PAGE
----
BBC: Ghana oil begins pumping for first time



Ghana has officially begun to pump oil from vast underwater reservoirs found off the country’s shores three years ago. It was found in the ‘Jubilee Field’ and is “estimated to hold 1.5billion barrels of oil.” Another nearby field was discovered this year with an estimated additional 1.4 billion barrels significantly adding to potential revenues and the prospects of a new booming industry. A UK based oil production company, Tullow Oil, is now producing 55,000 barrels every day. The oil’s discovery and production will certainly have a large impact on the African country as revenues are expected to eventually reach $1 billion yearly. Although, some reports are skeptical of the benefits the oil will bring to Ghanaians. In other developing countries of the region, such as Nigeria, the cash flow from oil production has done more to fuel conflict rather than aide development. Indeed there is some concern about the lack of legislation and formal procedure to manage the new industry.


However, Ghana is notably different from countries in the region which have had less than favorable results of oil revenues. Stephen Hayes, head of the Corporate Council on Africa notes that Ghana has a “fairly transparent society compared to other countries dealing in oil – so they’ve got a better opportunity to get it right.” The country also has developed a strong civil society with activists organized and ready to monitor pending oil legislation in regardless to the environment, civil rights and development. Hayes also points out that Ghana’s economy is diversified, with “oil revenues expected only represents 6% of their economy – compare that to Nigeria where oil revenue represents 92% of the economy or Angola where it’s almost 100%.” This allows Ghana to manage the revenue without stalling the economy. This is not to say that oil will not have a large and positive impact on the economy as it is expected to increase the country’s growth by an additional 7 percent in the next year.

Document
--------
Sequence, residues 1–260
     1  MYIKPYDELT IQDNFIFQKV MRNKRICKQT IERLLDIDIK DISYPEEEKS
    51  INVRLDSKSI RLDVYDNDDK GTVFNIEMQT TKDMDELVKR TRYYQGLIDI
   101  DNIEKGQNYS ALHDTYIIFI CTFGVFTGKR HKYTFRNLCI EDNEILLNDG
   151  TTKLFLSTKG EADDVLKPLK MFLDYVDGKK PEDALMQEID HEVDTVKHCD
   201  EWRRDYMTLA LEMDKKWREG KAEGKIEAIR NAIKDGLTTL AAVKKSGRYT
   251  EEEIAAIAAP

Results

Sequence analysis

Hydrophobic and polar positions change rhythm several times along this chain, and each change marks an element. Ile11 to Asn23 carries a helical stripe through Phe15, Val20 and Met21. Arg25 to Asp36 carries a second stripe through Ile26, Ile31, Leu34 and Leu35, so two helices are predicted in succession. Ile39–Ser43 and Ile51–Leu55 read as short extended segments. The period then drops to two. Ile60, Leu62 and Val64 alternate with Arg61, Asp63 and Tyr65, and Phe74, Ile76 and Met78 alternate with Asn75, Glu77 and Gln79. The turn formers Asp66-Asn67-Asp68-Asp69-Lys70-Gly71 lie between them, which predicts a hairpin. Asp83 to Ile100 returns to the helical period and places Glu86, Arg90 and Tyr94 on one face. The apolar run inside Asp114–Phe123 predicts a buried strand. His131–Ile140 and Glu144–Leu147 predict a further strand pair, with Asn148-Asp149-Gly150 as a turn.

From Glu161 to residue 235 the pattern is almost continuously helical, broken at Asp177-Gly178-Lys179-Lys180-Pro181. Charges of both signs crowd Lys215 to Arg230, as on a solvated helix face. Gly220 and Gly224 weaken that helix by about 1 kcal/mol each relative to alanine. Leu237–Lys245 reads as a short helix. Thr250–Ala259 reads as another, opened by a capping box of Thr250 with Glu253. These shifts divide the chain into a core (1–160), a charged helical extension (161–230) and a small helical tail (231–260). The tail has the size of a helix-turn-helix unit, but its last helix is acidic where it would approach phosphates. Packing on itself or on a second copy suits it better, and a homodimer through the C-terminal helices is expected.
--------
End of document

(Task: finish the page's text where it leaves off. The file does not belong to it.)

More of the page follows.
A video from Al Jazeera:

An article from the Ghana Chronicle titled “Oil Flows Today”:

A website dedicated to information and news oil in Ghana:

An article from National Geographic:




1. Do you think Ghana will be able to uphold its promise to spread the wealth among the people and not in only a few hands? What challenges may the government/activists face in working towards this goal?

2. Should a country’s natural resources be shared by the people or given to those who discover it? What do you think has been done in most cases? Is it fair? How can we determine this?